The analgesic and anti-inflammatory activity of DMSO, as observed clinically and the differences noted by classical pharmacological methods, may be partially due to the ability of the compound to alter the underlying pathology of the disease state under treatment (42).

Using the isolated guinea pig heart it was found that DMSO did not influence the amplitude of cardiac contractions, heart rate or coronary flow, although high intravenous doses in the rat and cat resulted in a transient lowering of blood pressure (36).

Isolated, innervated guinea pig preparations were also used to study the effects of DMSO on skeletal, smooth and cardiac muscles. The compound depressed diaphragm response to both muscle and nerve stimulation and also caused spontaneous skeletal muscle fasciculations. Actual contraction amplitude was augmented although contraction rate appeared unaffected. Vagal threshold was lowered almost 50% by a bath concentration of 6% DMSO. The fasciculations and increased tone of skeletal muscle, and lowering of the vagal threshold by DMSO could be due to cholinesterase inhibition (43). Intravenous doses of 50% DMSO in doses as high as 1 g/kg failed to alter the EKG of anesthetized dogs and monkeys (26).

With single intravenous doses of 200 mg/kg of DMSO to anesthetized cats, apnea and a transient fall in blood pressure were produced. Subsequent doses caused only a transient hypotension and apnea was no longer observed. Vagotomy failed to influence the course of DMSO-induced hypotension and bradycardia but atropine (1 mg/kg) significantly attenuated these effects. Repeated intravenous administration of DMSO where each succeeding dose was doubled, led to a gradually lowered blood pressure until death ensued at about 4 g/kg. Myoneural transmission, ganglionic transmission and force of cardia contraction also deteriorated gradually with repeated doses until death. The transient fall in blood pressure occurred only rarely after intraperitoneal administration. One cat exhibited hypotension following a 1 g/kg dose of DMSO but the remainder received dosages of 4 g/kg without showing this effect (44).

The in vitro oxygen consumption of liver, brain and hemidiaphragm tissues of rats is not affected by the intravenous administration of 75 mg DMSO/100 g body weight during the 7 subsequent days. Urease, trypsin and chymotrypsin are inhibited by DMSO, dependent upon its concentration. The in vitro metabolism of corticosterone by rat liver slices is not affected by the intravenous administration of 100 mg DMSO/100 g body weight during 3 subsequent days (2).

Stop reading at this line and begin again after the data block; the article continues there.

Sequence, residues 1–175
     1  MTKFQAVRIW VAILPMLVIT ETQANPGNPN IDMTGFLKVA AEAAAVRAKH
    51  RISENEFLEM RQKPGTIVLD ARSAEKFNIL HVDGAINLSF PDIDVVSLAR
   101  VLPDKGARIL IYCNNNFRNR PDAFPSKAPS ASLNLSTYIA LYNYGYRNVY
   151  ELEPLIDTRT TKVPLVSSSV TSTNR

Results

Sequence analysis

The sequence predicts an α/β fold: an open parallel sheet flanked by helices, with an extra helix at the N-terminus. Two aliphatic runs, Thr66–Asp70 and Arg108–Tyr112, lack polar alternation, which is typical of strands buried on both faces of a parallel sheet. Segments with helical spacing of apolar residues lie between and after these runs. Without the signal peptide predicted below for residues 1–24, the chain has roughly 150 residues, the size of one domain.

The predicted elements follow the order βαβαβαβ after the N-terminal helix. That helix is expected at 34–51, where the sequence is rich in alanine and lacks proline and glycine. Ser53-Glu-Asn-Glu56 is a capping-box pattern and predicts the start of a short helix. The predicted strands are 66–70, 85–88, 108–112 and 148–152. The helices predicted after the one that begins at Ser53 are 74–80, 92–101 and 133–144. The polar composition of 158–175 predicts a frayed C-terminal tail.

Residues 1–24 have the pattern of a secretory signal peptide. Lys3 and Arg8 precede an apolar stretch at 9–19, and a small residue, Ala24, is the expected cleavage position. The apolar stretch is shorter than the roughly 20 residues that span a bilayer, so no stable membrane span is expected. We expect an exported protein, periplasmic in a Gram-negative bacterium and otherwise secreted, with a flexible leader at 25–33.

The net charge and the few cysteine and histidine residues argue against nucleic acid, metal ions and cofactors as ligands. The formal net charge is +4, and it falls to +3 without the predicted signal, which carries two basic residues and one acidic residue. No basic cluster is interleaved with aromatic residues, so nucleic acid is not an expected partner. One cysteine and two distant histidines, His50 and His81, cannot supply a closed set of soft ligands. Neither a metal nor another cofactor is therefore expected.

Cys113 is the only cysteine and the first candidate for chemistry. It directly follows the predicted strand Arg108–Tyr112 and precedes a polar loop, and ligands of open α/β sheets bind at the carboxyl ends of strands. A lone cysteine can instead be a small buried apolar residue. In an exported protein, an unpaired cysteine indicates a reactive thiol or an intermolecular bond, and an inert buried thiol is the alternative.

DMSO treatment administered intraperitoneally to rats for 35 days decreased experimentally induced intestinal adhesions by 80% over controls as compared to saline, cortisone acetate or a combination of cortisone and DMSO administered separately (45).

In rabbits the application of 70% DMSO, adjacent to but not on the wound incision site, appeared to increase the development of wound tensile strength over controls (46).

Increasing the concentration of DMSO resulted in an increasing inhibition of fibroblast proliferation, in vitro, which was reversible (30).

There is an increase in urinary production following the dermal or systemic administration of DMSO, and a transient doubling of urine volume after the intravenous administration of the drug (48).

Some studies have indicated that DMSO may potentiate the action of certain compounds including insulin (39), endogenous steroids and others. It was suggested that in the case of steroids it might be due to improved penetration at their sites of action on lysosomal membranes (30).

The minimal inhibitory concentration (MIC) of DMSO to the nearest 10% was determined for two isolates each of Staphylococcus aureus, Staphylococcus aureus var. albus, β-hemolytic Streptococci, Corynebacterium acnes, Corynebacterium species, Alcaligenes faecalis, Escherichia coli and Proteus species. Twenty percent DMSO was found to be bacteriostatic. For Staphylococcus aureus, the bactericidal concentration of 50% was 2.5 times that of the MIC; for the remainder, it ranged from 30% to 40% with the gram negative bacteria being somewhat more susceptible (29).

No growth of Staphylococci, Pseudomonas or Escherichia coli occurred in the presence of 36%, 25%, 33% or greater concentrations, respectively, of DMSO (49).

The minimal inhibitory concentration of DMSO in Sabouraud’s broth to the nearest 10% was determined for three dermatophytes: Trichophyton mentagrophytes, Microsporum gypseum and Microsporum canis. Ten percent DMSO was inhibitory to all three species. The fungicidal concentrations were 30% for the Microsporum species, while T. mentagrophytes survived the highest test concentrations of 50% (29).

Toxicology

Absorption of topically applied DMSO results in degranulation of the mast cells at the site of application and a release of histamine followed by characteristic histamine whealing of the overlying skin. Following repeated applications of the compound to the same skin area, the mast cells are eventually depleted and the wheal no longer occurs (28).

The erythema of the skin following topical application of DMSO is considered to be partially due to the release of histamine. In addition, DMSO has the typical action of most solvents in causing drying and defatting of the skin.

In a study designed to evaluate the effects of DOMOSO (dimethyl sulfoxide) Solution at a total daily dose of 100-300 mL administered for a total period of 90 days, no essential or clinically meaningful ophthalmological effects were seen in the horse. There were no significant variations in glucose, sodium, potassium, SGOT or SGPT measurements. There were a few fluctuations in hematologic values but no changes appear to be drug-related or of significance.